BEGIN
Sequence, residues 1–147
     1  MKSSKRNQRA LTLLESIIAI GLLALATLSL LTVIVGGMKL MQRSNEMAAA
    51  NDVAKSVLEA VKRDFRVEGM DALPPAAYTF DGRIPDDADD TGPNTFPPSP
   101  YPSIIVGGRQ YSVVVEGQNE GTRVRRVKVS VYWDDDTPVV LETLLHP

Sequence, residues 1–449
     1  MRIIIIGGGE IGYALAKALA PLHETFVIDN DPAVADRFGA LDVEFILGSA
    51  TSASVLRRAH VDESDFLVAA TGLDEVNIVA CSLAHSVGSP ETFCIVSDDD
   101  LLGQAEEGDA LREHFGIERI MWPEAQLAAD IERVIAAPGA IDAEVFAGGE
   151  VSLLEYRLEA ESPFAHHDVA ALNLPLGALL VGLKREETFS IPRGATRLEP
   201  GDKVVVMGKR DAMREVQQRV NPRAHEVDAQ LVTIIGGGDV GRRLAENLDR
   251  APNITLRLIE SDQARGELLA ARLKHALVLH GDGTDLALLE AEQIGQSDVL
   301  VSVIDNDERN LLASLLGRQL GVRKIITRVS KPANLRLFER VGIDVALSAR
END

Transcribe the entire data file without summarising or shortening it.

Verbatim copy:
Sequence, residues 1–147
     1  MKSSKRNQRA LTLLESIIAI GLLALATLSL LTVIVGGMKL MQRSNEMAAA
    51  NDVAKSVLEA VKRDFRVEGM DALPPAAYTF DGRIPDDADD TGPNTFPPSP
   101  YPSIIVGGRQ YSVVVEGQNE GTRVRRVKVS VYWDDDTPVV LETLLHP

Sequence, residues 1–449
     1  MRIIIIGGGE IGYALAKALA PLHETFVIDN DPAVADRFGA LDVEFILGSA
    51  TSASVLRRAH VDESDFLVAA TGLDEVNIVA CSLAHSVGSP ETFCIVSDDD
   101  LLGQAEEGDA LREHFGIERI MWPEAQLAAD IERVIAAPGA IDAEVFAGGE
   151  VSLLEYRLEA ESPFAHHDVA ALNLPLGALL VGLKREETFS IPRGATRLEP
   201  GDKVVVMGKR DAMREVQQRV NPRAHEVDAQ LVTIIGGGDV GRRLAENLDR
   251  APNITLRLIE SDQARGELLA ARLKHALVLH GDGTDLALLE AEQIGQSDVL
   301  VSVIDNDERN LLASLLGRQL GVRKIITRVS KPANLRLFER VGIDVALSAR